Autonomic Differentiation of Emotions: A Cluster Analysis Approach

by Stephens, Chad Louis

Abstract (Summary)
The autonomic specificity of emotion is intrinsic for many major theories of emotion. One of the goals of this study was to validate a standardized set of music clips to be used in studies of emotion and affect. This was accomplished using self-reported affective responses to 40 music pieces, noise, and silence clips in a sample of 71 college-aged individuals. Following the music selection phase of the study; the validated music clips as well as film clips previously shown to induce a wide array of emotional responses were presented to 50 college-aged subjects while a montage of autonomic variables were measured. Evidence for autonomic discrimination of emotion was found via pattern classification analysis replicating findings from previous research. It was theorized that groups of individuals could be identified based upon individual response specificity using cluster analytic techniques. Single cluster solutions for all emotion conditions indicated that stimulus response stereotypy of emotions was more powerful than individual patterns. Results from pattern classification analysis and cluster analysis support the concept of autonomic specificity of emotion.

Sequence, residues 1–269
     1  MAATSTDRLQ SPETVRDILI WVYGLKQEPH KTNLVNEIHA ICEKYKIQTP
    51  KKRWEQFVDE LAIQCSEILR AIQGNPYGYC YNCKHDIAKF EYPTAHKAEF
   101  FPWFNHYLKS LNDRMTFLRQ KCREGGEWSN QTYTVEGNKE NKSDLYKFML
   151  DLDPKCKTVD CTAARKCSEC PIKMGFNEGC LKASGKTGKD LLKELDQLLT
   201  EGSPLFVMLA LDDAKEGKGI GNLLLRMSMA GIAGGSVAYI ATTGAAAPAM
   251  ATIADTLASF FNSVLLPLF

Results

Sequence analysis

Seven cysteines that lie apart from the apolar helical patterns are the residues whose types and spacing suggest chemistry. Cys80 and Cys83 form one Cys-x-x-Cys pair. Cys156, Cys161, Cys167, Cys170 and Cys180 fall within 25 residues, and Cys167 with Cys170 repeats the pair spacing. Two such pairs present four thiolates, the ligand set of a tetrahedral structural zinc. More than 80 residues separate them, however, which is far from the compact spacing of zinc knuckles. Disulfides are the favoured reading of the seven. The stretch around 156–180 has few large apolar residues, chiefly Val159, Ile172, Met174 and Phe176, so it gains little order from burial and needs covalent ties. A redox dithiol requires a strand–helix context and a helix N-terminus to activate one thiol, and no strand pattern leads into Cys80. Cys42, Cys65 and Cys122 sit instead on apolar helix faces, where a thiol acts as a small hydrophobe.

Bibliographical Information:

Advisor:David W. Harrison; Robin Panneton; Bruce H. Friedman

School:Virginia Polytechnic Institute and State University

School Location:USA - Virginia

Source Type:Master's Thesis



Date of Publication:10/16/2007

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